"...typology is not an interpretation technique arbitrarily imposed on the Old Testament in an effort to rescue it for Christian relevance. Rather, it is a method of divine revelation. Let me put it simply in terms of 'x' and 'y'. If x is the picture and y is the truth, God was saying to look at x in order to understand something about y. Much of what we read in the Old Testament is God's using x's to teach ultimate truths about y. The principle thing to remember is that x does not equal y. So x is the type, the object lesson [e.g. the Tabernacle] that foreshadows or predicts the actual, future realization of the pictured truth. Y is the antitype, the future realization to which the type points [e.g. Christ, the ultimate Tabernacle of God's atoning presence. See John 1:14]. The type represents and resembles the antitype. This does not mean that x loses its significance or usefulness in [its original context, but it points beyond itself to something far greater]. The key point is that Christ is the ultimate reality: He is the Idea behind - or perhaps I should say above - all the visible impressions."

- Michael Barrett, Love Divine and Unfailing, p. 11.

Wednesday, April 20, 2011

Gospel Coalition Links

Terri and I were deeply blessed to be at the Gospel Coalition conference in Chicago last week. The Gospel Coalition is a team of like-minded Christian leaders building bridges across denominational lines to wave the banner of precious biblical truths we hold in common:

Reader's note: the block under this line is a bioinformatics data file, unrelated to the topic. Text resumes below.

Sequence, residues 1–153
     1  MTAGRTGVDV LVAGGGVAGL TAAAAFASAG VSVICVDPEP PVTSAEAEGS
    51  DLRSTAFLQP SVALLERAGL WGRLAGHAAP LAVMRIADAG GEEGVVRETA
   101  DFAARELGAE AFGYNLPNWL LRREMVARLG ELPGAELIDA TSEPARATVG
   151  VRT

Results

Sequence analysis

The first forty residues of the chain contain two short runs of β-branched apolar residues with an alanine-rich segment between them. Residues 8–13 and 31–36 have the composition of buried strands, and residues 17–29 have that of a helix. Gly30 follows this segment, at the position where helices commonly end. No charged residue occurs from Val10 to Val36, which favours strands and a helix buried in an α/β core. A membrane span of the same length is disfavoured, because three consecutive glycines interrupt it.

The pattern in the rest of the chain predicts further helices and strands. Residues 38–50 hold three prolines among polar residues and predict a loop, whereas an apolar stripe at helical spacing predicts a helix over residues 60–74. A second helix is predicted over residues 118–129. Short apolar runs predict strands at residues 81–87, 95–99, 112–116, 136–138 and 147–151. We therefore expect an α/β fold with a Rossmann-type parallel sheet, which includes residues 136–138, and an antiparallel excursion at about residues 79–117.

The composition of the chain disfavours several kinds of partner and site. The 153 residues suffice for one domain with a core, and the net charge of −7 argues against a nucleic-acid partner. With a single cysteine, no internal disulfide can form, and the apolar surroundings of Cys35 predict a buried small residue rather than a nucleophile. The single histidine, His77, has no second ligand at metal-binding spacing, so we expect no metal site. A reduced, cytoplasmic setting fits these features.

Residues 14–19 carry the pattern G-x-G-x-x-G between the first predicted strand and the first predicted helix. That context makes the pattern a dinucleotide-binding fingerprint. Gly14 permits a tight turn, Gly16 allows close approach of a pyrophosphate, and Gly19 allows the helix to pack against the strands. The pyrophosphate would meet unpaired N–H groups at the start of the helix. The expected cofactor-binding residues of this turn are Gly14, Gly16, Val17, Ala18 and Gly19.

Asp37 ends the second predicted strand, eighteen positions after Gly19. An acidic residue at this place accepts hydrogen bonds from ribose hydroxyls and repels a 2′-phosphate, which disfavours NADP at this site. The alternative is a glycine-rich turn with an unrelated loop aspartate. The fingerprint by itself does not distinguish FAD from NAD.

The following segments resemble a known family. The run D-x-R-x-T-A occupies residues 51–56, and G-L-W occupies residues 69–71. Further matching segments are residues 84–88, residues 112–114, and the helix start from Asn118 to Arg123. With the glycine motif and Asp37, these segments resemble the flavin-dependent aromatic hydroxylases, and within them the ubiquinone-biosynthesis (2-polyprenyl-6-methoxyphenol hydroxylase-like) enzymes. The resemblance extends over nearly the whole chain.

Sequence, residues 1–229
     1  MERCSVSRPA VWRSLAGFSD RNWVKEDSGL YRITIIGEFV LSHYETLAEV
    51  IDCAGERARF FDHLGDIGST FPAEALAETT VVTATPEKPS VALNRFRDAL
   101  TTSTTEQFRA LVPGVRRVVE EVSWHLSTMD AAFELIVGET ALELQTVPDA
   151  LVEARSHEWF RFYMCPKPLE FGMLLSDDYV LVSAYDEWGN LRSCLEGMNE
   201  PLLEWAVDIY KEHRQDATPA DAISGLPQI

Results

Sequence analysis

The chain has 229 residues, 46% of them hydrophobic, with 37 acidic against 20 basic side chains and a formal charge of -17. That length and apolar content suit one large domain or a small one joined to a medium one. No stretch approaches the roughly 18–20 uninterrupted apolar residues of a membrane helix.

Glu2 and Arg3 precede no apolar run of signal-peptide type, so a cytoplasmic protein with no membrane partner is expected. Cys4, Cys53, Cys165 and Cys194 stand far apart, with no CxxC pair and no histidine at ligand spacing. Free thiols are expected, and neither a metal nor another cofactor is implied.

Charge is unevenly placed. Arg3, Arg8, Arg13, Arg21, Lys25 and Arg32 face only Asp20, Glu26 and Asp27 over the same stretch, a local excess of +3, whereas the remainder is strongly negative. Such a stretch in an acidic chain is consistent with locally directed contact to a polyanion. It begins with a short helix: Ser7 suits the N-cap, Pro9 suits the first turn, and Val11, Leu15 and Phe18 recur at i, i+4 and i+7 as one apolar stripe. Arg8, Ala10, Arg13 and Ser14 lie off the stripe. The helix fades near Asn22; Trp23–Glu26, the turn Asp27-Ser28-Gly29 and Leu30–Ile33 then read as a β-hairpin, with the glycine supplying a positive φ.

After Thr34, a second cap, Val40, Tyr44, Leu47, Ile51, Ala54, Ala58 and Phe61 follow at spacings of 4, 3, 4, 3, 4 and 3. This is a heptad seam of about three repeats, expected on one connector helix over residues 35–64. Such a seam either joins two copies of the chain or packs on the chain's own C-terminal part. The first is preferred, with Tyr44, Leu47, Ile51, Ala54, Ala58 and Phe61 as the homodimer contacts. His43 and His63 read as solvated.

- The glory of God as the chief goal of all things
- The sovereignty of God in our salvation
- The centrality of expository Bible preaching to the health of the church
- The mission of the gospel of Christ's grace as the only solution for our broken world

Click here for a link to the conference audio so you too can drink deeply of the rich messages which so encouraged us.

Wednesday, April 6, 2011

Protestants going over to Rome?

Yes, it's true. The past decade has seen a notable rise of disaffected evangelicals leaving their suburban megachurches to become Roman Catholic. What's the allure? Carl Trueman gives some reasons here.

Saturday, April 2, 2011

Leading with humility

Tomorrow Paul's going to talk to us about developing godly relationships with the spiritual leaders in our lives. Among other things, that includes an openness to correction and admonition. While it's never easy to be corrected, it's even harder to be the one doing the correcting. How can we grow in our ability to biblically admonish other believers with humility? In the following video clip, CJ Mahaney provides some wise advice for us all.